Do clothes make the man?

‘When I die after 120 years and go up to heaven, the Almighty will not ask me why I was not as bold as our forefather Abraham.'

By LEVI COOPER
March 12, 2010 22:19
3 minute read.
Adam and eve.

Adam and eve 58. (photo credit: .)

 
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Reb Meshulam Zusha of Anipoli (ca. 1718-1800) was one of the colorful personalities of the early period of Hassidism. His defining characteristic was his humility. While his older brother Rabbi Elimelech of Lezajsk (1717-1786), would become the leader of Hassidism in Galicia, Reb Zusha would be immortalized in hassidic lore for his simplicity and self-effacing manner.

It is to Reb Zusha that a famous hassidic lesson transmitted in a various renditions is attributed: “When I die after 120 years and go up to heaven,” said Reb Zusha, “the Almighty will not ask me why I was not as bold as our forefather Abraham; He will not ask me why I was not a leader like Moses. He will turn to me and say: ‘Zusha, why were you not more like Zusha could have been?’”

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Reb Zusha was once seated at a grand feast that was prepared in his honor at the home of one of the wealthy people in Ostroh (today in western Ukraine). Reb Zusha’s days as a pauper were a matter of the past, and he was already a well-respected master. Those who flocked to see him hardly remembered the impoverished Reb Zusha wandering the streets looking for something to eat and a place to put his head, yet he was careful not to forget. Consciously he made sure that his fame and popularity did not dull his sensitivity.

All the most important townspeople were invited to the feast. As they sat around enjoying the delicacies that their host had prepared, Reb Zusha sat at the head of the table in silence. His eyes stared into the distance and he seemed to be elsewhere, not really eating, not really participating in the lively conversation.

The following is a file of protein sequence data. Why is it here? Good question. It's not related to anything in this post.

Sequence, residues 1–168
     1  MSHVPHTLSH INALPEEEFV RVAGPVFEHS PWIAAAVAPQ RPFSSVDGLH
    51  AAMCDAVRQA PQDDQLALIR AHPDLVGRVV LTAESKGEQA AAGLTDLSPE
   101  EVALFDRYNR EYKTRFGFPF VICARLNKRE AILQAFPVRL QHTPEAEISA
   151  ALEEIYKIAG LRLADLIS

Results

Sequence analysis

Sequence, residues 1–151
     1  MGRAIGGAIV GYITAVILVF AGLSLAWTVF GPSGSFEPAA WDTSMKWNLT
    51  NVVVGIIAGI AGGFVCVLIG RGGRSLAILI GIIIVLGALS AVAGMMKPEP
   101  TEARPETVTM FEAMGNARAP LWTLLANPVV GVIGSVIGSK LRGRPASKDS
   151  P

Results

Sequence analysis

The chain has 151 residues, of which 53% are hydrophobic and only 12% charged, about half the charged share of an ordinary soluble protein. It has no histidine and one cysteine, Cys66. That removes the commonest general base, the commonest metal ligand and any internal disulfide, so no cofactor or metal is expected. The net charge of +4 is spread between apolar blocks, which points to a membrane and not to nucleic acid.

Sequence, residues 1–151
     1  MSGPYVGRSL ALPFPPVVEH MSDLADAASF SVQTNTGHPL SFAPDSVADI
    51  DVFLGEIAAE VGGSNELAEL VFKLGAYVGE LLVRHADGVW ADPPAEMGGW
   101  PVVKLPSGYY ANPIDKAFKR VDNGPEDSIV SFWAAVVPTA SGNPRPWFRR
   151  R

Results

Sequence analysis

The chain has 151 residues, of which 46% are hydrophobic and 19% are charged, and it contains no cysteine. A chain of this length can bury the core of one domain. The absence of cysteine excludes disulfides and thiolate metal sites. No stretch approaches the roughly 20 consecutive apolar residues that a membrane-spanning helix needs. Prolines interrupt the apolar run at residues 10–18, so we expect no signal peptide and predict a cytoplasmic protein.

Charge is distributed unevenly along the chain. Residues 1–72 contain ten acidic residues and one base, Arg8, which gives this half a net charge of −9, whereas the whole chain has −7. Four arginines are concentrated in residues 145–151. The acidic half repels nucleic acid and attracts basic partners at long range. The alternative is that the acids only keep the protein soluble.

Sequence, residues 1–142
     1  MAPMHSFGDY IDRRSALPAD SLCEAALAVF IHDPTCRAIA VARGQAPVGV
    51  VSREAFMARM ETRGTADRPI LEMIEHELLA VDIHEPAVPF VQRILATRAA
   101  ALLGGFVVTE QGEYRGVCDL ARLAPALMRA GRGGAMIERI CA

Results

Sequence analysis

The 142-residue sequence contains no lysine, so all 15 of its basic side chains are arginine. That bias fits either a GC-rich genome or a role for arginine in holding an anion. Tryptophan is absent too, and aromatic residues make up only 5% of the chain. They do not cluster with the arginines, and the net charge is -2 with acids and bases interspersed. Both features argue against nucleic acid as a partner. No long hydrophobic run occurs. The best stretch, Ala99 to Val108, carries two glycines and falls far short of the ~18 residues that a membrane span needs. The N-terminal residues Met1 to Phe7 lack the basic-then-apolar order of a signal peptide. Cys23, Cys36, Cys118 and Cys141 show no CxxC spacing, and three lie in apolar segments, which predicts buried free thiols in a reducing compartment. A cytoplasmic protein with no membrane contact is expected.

Without warning, Reb Zusha picked up the bowl of soup before him and threw it onto to his silk bekishe, the long, black hassidic caftan worn by many hassidim to this day.

The conversation suddenly stopped and all eyes turned to Reb Zusha who began to angrily address his bekishe: “Go on, bekishe, eat it up! This whole event is really in your honor. The soup was prepared for you, and the meat was prepared for you, everything here is in your honor!” The other guests looked at one another, not really knowing how to react: Had Reb Zusha gone crazy? Whoever heard of talking to a bekishe? An awkward silence reigned.

Reb Zusha looked around the table at the venerable guests and saw their looks of bewilderment. With a warm grin, he explained: “I was sitting here and remembering that a few years back I used to live in Ostroh. Alas, at that time I was but a poor man with nothing to eat and nowhere to sleep. I wandered the streets, but no one would open his home to me. They wouldn’t even spare a piece of bread for my empty stomach.



“Times have changed,” continued Reb Zusha, “And today I am invited to this grand feast in my honor. Not only has our host been so kind as to place before me hot soup, choice meat and excellent wine, but he has also graciously invited you notable guests to join me in this feast.

“But I was thinking: Have I really changed that much since I was last in Ostroh? Have I become a successful businessman? Most certainly not. Am I a better person that I should deserve such honor? Alas, I wish that were true. So what has changed since I was last in Ostroh?

“The only change that I could think of was my clothes! A few years back I came into Ostroh wearing the torn garments of a pauper, and today I sit before you in a fine tailored silk bekishe. When I realized that, I suddenly understood that you were not honoring me,
that the food was not prepared in my honor, the guests were not invited because of my reputation. The credit must go to my bekishe! He then should eat!”

The writer is on the faculty of Pardes Institute of Jewish Studies and is a rabbi in Tzur Hadassah.

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